We moms are busy people. What makes me crazy is when moms have been conditioned to think that we’re too busy to take care of our families.

Sometimes, not all the time, we moms need to earn more money. Sometimes it’s because we’re just flat broke. Other times you’re like me and you have huge financial goals that you want to achieve and your husband’s income won’t be able to meet them, no matter how many extra overtime shifts he picks up. A mom I met in a Facebook group recently has a husband who won’t work. I’ve been in all of those situations at one time or another. (Although I would like to point out the man who wouldn’t work in my house is my ex. Ian’s a hard worker who is anything but a deadbeat.)

Whatever the reason, sometimes we moms need to work, but we believe the lie that we are just too busy.

Cut the crap

When Ian and I sat down to get serious about getting out of debt, we realized that it would take us around three years to get out of debt with our current income. He was already looking for a better job, but I knew in order to make the cash we needed to make our goals, I needed to stop part-timing it and get laser focus and cut out all distractions.

I had to cut out everything out of my life that wasn’t helping me meet my goals. I took some steps to simplify my life that felt very radical at the time, but are pretty normal to me now.

  • Put your phone on do not disturb during work time. (If you’re not techie, here is how to do it on an iPhone)
  • Get off social media. Facebook, Twitter, Pinterest, Youtube, Imgur… all of it. Turn it off. Check out my blog post on how to cut out distractions when you work online.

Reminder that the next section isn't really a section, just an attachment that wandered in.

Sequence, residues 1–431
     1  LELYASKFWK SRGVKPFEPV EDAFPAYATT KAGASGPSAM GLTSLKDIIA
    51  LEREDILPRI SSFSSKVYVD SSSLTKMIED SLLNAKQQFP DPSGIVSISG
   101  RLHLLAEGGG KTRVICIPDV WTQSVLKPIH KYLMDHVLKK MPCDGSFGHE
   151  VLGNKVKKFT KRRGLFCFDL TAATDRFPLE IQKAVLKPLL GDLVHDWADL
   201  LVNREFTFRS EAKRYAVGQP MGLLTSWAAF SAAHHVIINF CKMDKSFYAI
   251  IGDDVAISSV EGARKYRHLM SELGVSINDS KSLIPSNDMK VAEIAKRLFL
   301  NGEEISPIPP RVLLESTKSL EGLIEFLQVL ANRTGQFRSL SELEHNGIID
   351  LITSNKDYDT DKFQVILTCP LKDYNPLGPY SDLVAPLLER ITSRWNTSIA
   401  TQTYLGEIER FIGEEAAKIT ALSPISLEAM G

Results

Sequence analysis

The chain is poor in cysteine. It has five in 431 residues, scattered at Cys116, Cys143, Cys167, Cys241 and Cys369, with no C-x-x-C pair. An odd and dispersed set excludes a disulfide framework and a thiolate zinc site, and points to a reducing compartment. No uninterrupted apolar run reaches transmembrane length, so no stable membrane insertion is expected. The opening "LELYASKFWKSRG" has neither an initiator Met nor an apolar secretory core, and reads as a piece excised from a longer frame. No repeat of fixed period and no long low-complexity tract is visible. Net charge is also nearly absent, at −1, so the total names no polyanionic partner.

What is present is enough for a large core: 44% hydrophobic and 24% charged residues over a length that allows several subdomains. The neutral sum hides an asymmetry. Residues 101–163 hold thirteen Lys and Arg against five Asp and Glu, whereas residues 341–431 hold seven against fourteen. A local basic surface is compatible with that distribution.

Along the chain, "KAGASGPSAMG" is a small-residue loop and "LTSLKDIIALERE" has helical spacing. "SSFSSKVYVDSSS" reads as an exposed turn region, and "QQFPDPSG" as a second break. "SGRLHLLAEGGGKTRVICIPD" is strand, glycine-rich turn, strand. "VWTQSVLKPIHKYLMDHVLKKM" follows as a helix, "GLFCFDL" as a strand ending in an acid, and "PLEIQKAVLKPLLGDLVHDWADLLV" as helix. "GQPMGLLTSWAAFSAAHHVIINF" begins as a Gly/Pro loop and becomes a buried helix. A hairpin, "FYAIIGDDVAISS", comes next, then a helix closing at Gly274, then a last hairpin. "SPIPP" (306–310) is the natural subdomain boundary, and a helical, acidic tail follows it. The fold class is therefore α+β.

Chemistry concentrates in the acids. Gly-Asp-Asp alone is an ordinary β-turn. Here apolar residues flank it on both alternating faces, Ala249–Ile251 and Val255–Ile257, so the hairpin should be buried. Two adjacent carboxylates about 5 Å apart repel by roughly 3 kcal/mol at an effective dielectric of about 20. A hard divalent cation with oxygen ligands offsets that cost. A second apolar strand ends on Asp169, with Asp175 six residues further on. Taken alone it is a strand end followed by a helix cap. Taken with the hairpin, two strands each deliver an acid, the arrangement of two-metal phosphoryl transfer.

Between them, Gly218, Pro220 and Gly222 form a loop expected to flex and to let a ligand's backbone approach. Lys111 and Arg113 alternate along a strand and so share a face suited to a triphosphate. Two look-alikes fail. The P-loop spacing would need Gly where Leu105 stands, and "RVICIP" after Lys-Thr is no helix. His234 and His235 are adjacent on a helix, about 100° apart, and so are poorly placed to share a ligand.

• Stay off Netflix, Amazon Prime Movies, or however else you watch the boob tube (as my grandfather calls it)
  • Get rid of games on your phone. They aren’t making you money or building your business, so delete it if you don’t have the discipline to stay out of it during work hours.
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The things that I cut out of my life gave me hours of time to work. Of course, I still had kids at home so they were never interruption-free hours, but they were time I could spend working.

I also started using these 6 amazing tools to help me stay focused during  work time, since the internet is basically a black hole of distraction.

Stop the excuses. Right now.

There is a woman I know, let’s call her Elizabeth, who is a chronically irresponsible adult. She’s a nice enough lady, but not someone you would want to model your life after. Her house is always a mess, she always has a string of unfinished projects and a coordinating list of excuses why she hasn’t finished them, a list of business ideas she made plans for and some that she started, but none of them “worked.”

Why do businesses fail for people like Elizabeth? Because she always has an excuse. Don’t get me wrong, I used to be a lot like that! I had a habit of being a habitual procrastinator because I always wanted everything to be perfect, which kept me from starting. It held me back in literally every area of my life.

One day I woke up after a visit with Elizabeth and realized that my life would look like hers if I kept making excuses why I ‘couldn’t’ do things or why I ‘wasn’t able’ to keep chugging on to the finish line with the ideas and dreams I had. So I made a list of the reasons excuses I’d been giving for giving up.

  • I was too busy and had other “important” things to do
  • I didn’t have time to spare
  • I just wasn’t a finisher like some people
  • Client work took up too much time
  • I “deserved” time to relax